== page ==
The Last One
I often feel regret when writing
These things, well, I mean a selfish
Twinge comes on like how many
Times can I say I've received a less
Than stellar shake of late meanwhile
His parents are living surrounded
By what is left and what was there
And why is this the present now.
They will step onto the scuffed linoleum
Aisle of the court and watch and wait
And wonder what this changes while
That man walks in and stands
And breathes and has the luxury
Of speaking when asked a question.
My knees burn with every measured
Step and will for likely a year or more.
I will spend a tedious hour twice a day,
Stretching and pulling on the floor
As my wife sits nearby tapping deftly
Along the laptop keys stockpiling when
I'm backs and just waits and remembers
While working for the both of us suggesting
Politely that maybe I could take the dog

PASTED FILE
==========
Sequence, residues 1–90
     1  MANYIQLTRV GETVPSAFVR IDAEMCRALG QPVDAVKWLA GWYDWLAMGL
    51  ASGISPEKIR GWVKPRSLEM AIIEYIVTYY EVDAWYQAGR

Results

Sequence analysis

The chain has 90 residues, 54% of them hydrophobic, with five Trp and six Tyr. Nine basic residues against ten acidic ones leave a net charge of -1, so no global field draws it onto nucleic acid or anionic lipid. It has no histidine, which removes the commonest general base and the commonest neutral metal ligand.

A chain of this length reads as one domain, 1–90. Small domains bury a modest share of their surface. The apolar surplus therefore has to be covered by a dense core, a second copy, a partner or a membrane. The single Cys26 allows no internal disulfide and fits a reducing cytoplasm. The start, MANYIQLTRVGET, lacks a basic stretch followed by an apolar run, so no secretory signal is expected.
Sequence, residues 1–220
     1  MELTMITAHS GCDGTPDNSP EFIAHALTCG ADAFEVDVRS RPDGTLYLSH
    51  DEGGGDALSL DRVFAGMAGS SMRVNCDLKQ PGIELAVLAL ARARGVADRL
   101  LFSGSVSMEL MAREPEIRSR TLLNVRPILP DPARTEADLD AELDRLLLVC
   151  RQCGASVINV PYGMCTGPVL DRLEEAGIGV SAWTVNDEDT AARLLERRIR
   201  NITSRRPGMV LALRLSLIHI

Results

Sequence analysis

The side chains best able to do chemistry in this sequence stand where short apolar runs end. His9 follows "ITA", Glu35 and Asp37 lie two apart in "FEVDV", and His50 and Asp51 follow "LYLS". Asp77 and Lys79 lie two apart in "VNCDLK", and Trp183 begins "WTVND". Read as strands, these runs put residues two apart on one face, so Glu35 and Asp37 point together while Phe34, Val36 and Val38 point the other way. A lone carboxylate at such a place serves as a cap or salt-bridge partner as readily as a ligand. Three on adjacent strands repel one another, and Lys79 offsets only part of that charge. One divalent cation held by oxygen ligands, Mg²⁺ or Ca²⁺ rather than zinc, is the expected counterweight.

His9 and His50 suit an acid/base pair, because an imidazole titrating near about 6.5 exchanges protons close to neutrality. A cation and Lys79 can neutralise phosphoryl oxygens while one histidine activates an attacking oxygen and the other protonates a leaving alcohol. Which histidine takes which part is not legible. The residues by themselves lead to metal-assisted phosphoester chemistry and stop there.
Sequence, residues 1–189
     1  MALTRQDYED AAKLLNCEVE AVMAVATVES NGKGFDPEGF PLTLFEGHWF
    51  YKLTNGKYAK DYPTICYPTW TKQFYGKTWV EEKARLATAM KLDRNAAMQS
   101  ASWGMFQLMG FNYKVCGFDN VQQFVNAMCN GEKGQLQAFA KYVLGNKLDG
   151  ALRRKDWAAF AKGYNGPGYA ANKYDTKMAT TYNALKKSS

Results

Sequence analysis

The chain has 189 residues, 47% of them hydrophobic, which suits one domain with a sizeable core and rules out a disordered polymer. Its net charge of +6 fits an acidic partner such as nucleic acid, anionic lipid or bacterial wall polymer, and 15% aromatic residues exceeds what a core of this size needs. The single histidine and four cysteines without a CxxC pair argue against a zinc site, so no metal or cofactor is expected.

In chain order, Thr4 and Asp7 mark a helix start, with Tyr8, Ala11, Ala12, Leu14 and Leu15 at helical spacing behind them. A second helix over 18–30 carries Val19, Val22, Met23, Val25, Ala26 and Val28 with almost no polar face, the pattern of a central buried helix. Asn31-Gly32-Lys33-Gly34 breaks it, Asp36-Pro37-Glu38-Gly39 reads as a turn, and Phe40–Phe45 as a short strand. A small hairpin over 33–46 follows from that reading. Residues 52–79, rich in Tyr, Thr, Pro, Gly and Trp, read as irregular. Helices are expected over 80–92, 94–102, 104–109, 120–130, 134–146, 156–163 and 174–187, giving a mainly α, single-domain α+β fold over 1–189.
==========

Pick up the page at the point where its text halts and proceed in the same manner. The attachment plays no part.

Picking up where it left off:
Outside, it might be easier than the time
Last week. I straighten slowly more
And steady slowly moving forward,
Closer further from what happened.
August was the prognosis; it is
Now September still and all she's there
When the dog and I step in,
Keenly aware if we make love she
Will have to be on top.
In bed, though, his parents know
The morning will change only
The date and the distance from
When they found out it would always
Now be different. They sketch
Their pain and continue.
There is nothing but what is left
And what will be found in time.
In time this will all have happened
Long ago enough to be a time
That was, a flashing memory
Of the closeness of ambulance walls,
The solid strangeness of tubing
Hard at the back of my throat, the four
Of us at dinner, trying hard
To reminisce without trying
To bring him back.
For the moment, we are surrounded.
They together in the knowledge
Of coping in similar terms. We fortunate
To be able to complain about the length
Of my recovery. Fortunate all enough
To know it is not over.
Archiving all of these memories
2 years ago